Marksville to save $426K by refinancing street improvement bonds

Sometimes a lot of money can be saved when loans are refinanced.

When the state eliminated a requirement that sales tax-backed bonds had to retain a reserve fund, bond attorney Alan Offner recommended an outstanding bond issue for street improvements be refinanced.

Marksville was paying about $55,000 a year in interest on the 2007 bond issue. It had about 10 years to go to retire the debt. The original bond issue was for $2 million with an interest rate that started at 4.1 percent and was to rise to 4.5 percent.

The city used the no-longer-required reserve fund to pay down the principal of the loan to refinance $1.02 million over the next 10 years. The city advertised for banks willing to refinance the bond issue and got four responses. The low bid was the Lafayette-based Iberia Bank with an annual interest rate of 2.24 percent from now until the debt is retired in 2027.

Iberia said it will receive $131,719.47 in interest from the city over the 10-year period of the note -- or almost $13,172 a year.

“The city will be saving $42,611 a year in interest payments due to this refinancing,” Offner told the council.

That totals a savings of over $426,000 for the 10-year note.

On another matter, there was a touch of mystery in an agenda item to “consider an intergovernmental agreement between the City of Marksville and the Louisiana Office of State Parks.”

The item was put on the agenda by Mayor John Lemoine.

Prior to the meeting, some council members were talking among themselves about the agenda item. Discussion gravitated toward wondering if Lemoine wanted to revisit his earlier interest in having the city take over maintenance and operation of what many call the Prehistoric Indian Park and Museum. Comments overheard indicated such a move would be rejected as financially unfeasible at this time.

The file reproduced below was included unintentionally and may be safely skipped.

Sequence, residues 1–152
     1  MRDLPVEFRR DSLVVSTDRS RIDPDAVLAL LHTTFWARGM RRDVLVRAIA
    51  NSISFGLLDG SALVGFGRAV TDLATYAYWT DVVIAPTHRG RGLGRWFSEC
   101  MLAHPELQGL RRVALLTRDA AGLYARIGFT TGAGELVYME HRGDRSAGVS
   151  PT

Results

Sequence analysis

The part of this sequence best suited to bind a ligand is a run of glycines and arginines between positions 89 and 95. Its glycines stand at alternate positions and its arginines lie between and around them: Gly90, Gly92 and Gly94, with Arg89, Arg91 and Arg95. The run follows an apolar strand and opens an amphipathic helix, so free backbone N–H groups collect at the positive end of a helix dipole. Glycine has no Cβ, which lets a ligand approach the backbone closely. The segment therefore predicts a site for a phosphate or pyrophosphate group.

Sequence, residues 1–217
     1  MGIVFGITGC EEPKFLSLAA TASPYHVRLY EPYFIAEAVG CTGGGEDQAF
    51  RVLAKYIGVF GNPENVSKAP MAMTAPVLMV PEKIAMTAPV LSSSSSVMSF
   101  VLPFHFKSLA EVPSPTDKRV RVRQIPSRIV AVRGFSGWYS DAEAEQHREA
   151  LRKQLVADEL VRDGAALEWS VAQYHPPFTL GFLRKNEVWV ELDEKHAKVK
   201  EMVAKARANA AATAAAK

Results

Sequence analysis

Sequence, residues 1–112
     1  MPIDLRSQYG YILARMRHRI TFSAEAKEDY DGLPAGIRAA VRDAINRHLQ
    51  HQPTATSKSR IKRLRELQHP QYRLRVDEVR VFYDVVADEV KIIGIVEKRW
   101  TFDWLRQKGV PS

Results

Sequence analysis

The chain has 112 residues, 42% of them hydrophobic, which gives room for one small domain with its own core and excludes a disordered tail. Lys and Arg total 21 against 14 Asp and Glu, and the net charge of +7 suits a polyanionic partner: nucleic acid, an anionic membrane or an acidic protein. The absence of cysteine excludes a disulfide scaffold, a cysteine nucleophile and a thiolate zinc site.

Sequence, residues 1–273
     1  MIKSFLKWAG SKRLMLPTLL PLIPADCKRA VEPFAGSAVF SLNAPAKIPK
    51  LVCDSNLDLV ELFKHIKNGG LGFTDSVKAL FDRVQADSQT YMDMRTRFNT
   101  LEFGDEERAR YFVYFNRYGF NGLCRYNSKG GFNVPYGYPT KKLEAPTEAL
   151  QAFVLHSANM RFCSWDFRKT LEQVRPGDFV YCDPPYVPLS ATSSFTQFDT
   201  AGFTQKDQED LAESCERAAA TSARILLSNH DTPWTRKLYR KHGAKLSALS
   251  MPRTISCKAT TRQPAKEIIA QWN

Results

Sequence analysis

However, it turned out the mayor wasn’t talking about THAT intergovernmental agreement.

“It was brought to my attention that there are homes on Martin Luther King Street that are being flooded due to an obstruction in drainage that was located in the park,” Lemoine told council members.

He said he made a “verbal agreement” with the Office of State Parks whereby the state gave the city permission to send its employees and equipment into the park to clear the drainage obstruction.

Maria Trichell, aide to state Rep. Robert Johnson, said city employees “did a fantastic job” addressing the drainage problem.

Lemoine also said water has been flowing well on the street after the recent rains that occurred since the obstruction was cleared.

“So it’s already been done,” Councilman Clyde “Danny” Benson asked.

“Yes,” Lemoine said.

“We don’t have to vote on anything,” Benson responded.

Lemoine said there was no need for a vote, but he wanted to keep council members up to date on what was being done.

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